Fog
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by Paulist Fr. Chuck Kullmann
November 26, 2018

“Fog” by Carl Sandburg

The fog comes 
on little cat feet. 
It sits looking 
over harbor and city 
on silent haunches 
and then moves on.

Anyone remember this poem from your high school English class?

I mention this poem because, while we know that in fact the fog does not come on little cat feet, we also understand the point, and the truth, of what Carl Sandburg is communicating. 

Having lived in the San Francisco Bay area for eight years prior to coming to Austin, I know that Sandurg is absolutely correct.  The fog does come on little cat feet. 

The fog creeps, it stalks, it comes on little cat feet.  

Just as we do not take the poem literally, but understand it to be true, so with today’s Gospel.  Do not read this Gospel passage like a text book.  Read it like you are reading a poem.  These are images and metaphors that convey an idea, a truth, that are not literal.

Jesus said to his disciples, that is, to you and me, “In those days ….”   In those days.  What days?   Well, you can read this as a future prediction.  But that is not particularly relevant.  It has been nearly 2,000 years since Jesus originally said this, and it could easily be another 2,000 years before it happens.  So, it very well may not be particularly relevant to us.  I can barely keep up with what is going to happen this afternoon or tomorrow, much less next year, and certainly not a couple of millennia from now.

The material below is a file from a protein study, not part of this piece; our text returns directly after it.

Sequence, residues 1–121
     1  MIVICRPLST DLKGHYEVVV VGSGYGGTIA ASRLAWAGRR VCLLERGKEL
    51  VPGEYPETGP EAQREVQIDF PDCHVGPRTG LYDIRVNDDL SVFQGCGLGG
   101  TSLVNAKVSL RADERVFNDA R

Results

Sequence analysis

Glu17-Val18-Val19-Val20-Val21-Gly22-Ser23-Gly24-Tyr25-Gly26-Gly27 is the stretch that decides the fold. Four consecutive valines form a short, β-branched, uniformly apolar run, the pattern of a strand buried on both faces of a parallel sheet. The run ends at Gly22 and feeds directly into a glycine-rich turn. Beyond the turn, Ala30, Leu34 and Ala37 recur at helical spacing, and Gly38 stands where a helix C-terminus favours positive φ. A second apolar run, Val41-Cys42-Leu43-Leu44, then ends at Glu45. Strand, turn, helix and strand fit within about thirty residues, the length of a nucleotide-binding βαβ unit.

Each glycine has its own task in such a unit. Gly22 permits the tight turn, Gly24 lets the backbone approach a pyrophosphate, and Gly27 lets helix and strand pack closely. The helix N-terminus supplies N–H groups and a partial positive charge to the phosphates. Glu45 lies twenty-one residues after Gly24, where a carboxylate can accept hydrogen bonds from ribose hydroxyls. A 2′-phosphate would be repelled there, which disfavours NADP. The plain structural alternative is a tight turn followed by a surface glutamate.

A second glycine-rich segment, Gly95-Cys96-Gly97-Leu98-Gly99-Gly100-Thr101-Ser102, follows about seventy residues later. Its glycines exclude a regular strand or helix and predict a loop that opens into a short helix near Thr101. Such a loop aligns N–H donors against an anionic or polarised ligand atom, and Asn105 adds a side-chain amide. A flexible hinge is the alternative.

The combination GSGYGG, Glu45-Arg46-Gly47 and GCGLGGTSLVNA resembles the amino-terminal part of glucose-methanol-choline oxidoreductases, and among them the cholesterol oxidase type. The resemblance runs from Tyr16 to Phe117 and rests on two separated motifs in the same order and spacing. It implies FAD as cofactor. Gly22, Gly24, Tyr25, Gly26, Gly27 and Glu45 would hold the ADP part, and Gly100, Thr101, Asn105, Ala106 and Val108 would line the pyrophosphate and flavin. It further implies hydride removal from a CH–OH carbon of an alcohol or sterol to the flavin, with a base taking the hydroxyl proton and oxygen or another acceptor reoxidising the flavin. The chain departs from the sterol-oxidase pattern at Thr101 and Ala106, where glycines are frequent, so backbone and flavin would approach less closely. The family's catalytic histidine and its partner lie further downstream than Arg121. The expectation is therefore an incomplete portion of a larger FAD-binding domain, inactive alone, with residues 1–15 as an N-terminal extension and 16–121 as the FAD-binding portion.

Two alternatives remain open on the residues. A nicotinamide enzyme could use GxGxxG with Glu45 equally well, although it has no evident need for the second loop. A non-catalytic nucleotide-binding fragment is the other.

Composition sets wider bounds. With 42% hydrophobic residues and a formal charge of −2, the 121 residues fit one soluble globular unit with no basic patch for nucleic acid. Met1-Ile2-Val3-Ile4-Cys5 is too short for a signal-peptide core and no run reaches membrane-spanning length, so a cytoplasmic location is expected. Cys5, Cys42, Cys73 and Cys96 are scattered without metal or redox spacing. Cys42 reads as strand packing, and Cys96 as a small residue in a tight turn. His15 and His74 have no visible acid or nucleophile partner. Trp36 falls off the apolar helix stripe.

But the other way to read this is very applicable to us here and now.  And that is to read this Gospel not as a future prediction, but rather as a poetic description of our current situation.

Jesus tells us that “the sun will be darkened, and the moon will not give its light, and the stars will be falling from the sky, and the powers in the heaven will be shaken.”   In other words, this is upset and upheaval at the most basic and fundamental level.   If you watch the news headlines this passage can seem like a pretty accurate description of what we are living through.  Cosmic upheaval!  

There is upset like we have seldom seen in politics.  It is crazy what is going on.  On the international scene there are wars, famines in several places, strife and upset in many different countries.  In society the whole basis of gender is in question.  People, especially young people, are becoming more isolated by electronic gadgets.  Certainly for the people of California who are in the terrible fires it must seem like the end of the world!  

In our Church there are continuing, ongoing, revelations about sexual abuse, about cover ups, about scandals of various kinds, of bishops calling for Pope Francis to resign, of commentators speculating on the threat of a schism in the Church. 

It has gotten to the point that some people are dreading Thanksgiving dinner with their families because the conversation may veer into hot and contentious topics of politics or religion or social developments.   Am I right? 

It can seem that everything is falling apart and going to hell in a handbasket.  AMEN?

That is what Jesus is talking about.

What can we rely on?  Where is there a sure and firm anchor for us to invest our hopes and dreams?  Who can be counted on in this terrible time of flux, of upset, of things falling apart, of the sun darkened, the moon no longer giving light, of the stars falling from the sky and the powers of heaven shaken?

Jesus tells us what is secure.  “Heaven and earth will pass away, but my words will not pass away.”  

That, and only that, is what you can ultimately rely on.  

In the fog of this time in our society, our country, our world, our church, even often in our own families and lives, the secure base, the grounded rock on which we can rely, is Jesus and His word.  WHY?

Because Jesus has beaten the most disruptive force of all, which is death.  

Everything dies, even the universe, but NOT the words of Jesus.  Jesus has conquered death, and His word endures.  Heaven and earth will pass away, but my words will not pass away.”

That you can rely on.   AMEN.  


Paulist Fr. Chuck Kullman is pastor of St. Austin Church in Austin, TX, where he preached this homily.